If there is one thing that has been downplayed in this whole whirlwind year, it is the step forward for women’s sports that Rousey and Carmouche took. In basketball, women have their own professional league. In tennis and golf, the women have their own tours. But in one fell swoop, female fighters have been invited to permanently share the same platform and screen time with their male counterparts on a regular basis. That’s something that doesn’t take place in any other professional sport.
For a sport that still receives criticism as fostering misogynistic attitudes, that side-by-side placement is awfully progressive.
“It’s really an awesome opportunity we’ve been given,” said Sara McMann, the former U.S. Olympic wrestling medalist who will face Rousey in the UFC 170 main event on Saturday. “The amount that the UFC supports and backs the women, it’s really incredible. When you hear NBA basketball coaches and executives talking, it’s about their team, their league, the goals they have before them, but they’re not interacting with women’s basketball. It’s not happening at the same time and it’s not discussed as frequently. The fact that Dana White and the people who promote it are adamantly talking about how hard the women work, and how tough they are, and how they come out to fight, that’s awesome. It helps us a lot.”
Part of the move to full honors initially faced some resistance. Both the camps of Dan Henderson and Lyoto Machida, for instance, at first protested the decision to promote Rousey and Carmouche as the main event, a move which pushed them to co-main event status on the UFC 157 card.
“To be honest, at the time of course I wanted to be the main event as anyone would,” Machida said. “I was upset we were dropped to the co-main event. But looking back at it, it was a title fight. And it’s something that has grown a lot in the sport, the women fighting. So really the only reason to be upset is it wasn’t the main event.”
A year later, nobody batted an eyelash when Rousey and McMann were placed as the main event ahead of former champion Rashad Evans.
While the women have won some battles, others remain. There are still the ongoing issues of objectification. There are still problems in some parts of the world finding suitable training partners. And in October, Jessica Eye became the first UFC woman to fail a drug test.
The good news, however, is that most of the problems are not specific to being a female fighter. Most of them are simply pro athlete problems, or human problems, which leads most to believe the growth pattern will continue as the talent level increases.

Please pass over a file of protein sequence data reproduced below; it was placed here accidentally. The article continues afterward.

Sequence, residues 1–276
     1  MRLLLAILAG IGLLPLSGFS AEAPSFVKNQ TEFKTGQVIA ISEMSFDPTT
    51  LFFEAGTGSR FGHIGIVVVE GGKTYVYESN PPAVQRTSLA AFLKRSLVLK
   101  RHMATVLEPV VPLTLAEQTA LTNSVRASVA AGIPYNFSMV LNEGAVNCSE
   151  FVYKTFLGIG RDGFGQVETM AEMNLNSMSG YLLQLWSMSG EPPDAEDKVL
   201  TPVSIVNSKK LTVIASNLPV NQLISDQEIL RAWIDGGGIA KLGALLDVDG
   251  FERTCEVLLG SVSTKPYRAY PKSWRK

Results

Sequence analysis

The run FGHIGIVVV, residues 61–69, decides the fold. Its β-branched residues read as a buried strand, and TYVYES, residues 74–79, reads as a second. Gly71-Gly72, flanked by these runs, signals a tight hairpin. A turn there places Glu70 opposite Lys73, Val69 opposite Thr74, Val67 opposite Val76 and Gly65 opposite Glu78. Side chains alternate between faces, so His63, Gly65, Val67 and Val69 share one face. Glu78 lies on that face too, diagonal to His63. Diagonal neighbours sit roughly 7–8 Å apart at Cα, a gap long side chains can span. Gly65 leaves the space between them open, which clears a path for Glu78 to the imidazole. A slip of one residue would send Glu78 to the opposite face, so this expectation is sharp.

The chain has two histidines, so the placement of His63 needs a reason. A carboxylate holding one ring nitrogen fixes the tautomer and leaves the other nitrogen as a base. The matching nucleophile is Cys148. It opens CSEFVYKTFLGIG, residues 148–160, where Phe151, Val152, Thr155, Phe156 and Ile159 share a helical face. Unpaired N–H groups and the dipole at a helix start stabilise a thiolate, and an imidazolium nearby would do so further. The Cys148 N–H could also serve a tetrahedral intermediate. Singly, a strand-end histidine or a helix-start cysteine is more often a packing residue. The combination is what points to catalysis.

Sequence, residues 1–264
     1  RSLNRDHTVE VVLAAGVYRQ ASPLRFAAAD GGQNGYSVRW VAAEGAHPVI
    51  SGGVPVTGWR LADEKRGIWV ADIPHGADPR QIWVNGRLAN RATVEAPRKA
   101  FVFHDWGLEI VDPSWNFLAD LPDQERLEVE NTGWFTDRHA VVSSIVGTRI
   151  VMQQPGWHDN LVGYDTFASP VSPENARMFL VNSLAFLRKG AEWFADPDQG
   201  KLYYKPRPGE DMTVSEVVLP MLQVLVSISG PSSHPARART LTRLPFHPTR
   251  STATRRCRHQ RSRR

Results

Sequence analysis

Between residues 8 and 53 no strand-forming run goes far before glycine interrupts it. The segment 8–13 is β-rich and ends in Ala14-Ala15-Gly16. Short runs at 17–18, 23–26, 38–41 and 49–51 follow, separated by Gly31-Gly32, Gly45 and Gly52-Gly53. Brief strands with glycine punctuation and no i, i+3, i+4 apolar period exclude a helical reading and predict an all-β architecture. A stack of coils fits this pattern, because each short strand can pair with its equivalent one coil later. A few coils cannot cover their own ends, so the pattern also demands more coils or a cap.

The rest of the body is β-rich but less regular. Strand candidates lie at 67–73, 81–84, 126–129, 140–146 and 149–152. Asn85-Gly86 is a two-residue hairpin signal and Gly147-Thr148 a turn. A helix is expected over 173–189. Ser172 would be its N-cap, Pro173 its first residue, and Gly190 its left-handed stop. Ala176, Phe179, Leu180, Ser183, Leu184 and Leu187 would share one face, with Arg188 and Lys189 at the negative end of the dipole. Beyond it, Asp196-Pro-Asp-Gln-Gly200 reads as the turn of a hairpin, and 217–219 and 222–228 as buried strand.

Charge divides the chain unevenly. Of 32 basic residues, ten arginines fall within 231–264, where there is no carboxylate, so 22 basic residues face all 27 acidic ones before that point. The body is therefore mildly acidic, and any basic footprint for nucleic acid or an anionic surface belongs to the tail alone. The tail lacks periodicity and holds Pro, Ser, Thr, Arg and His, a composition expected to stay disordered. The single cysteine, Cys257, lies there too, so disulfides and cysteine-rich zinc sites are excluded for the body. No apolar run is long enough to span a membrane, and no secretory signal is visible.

“The men have been fighting in an organization like the UFC for 20 years,” Carmouche said. “For women, it’s one year. And in that one year, I can already see the skill level changing. Even around here, in the local [San Diego] fights, with women it used to be so sloppy because there weren’t a lot of opportunities. Now I look on every fight card, there’s one or two women’s fights on the show. That’s a huge difference. You can see it expanding and growing. It takes time. We’re babies in the sport, but we’re fast-growing babies.”
Indeed, the women in the UFC have come far in just one year, further than most people thought was ever possible. From a time when there was furor over their place in the Octagon to a time when their champion’s spot in the main event is routine. All of that in 365 days.
That gives hope to people like Kedzie, who lived through one women’s MMA explosion but sees different seeds planted this time around that will have women’s fighting thriving and reaching levels of interest even past what Rousey has drawn. This time, there is a whole division around the superstar, another one on the way, and grassroots numbers exploding.
Dana White might have initially invested into the Rousey business, but he’s expanded far past that now. When it comes to women’s MMA, the Las Vegas based company is all-in. One year later, even the unflappable Rousey finds a thrill in a house built so quickly yet so masterfully.
“It’s funny, I thought that if all the stars and aligned and everything went perfectly it could go this fast,” Rousey said. “But the realistic side of me thought, ‘OK, there’s going to be some things that come up.’ And even though I knew that everything that has happened was possible, I didn’t think it would all progress as seamlessly as it all has.”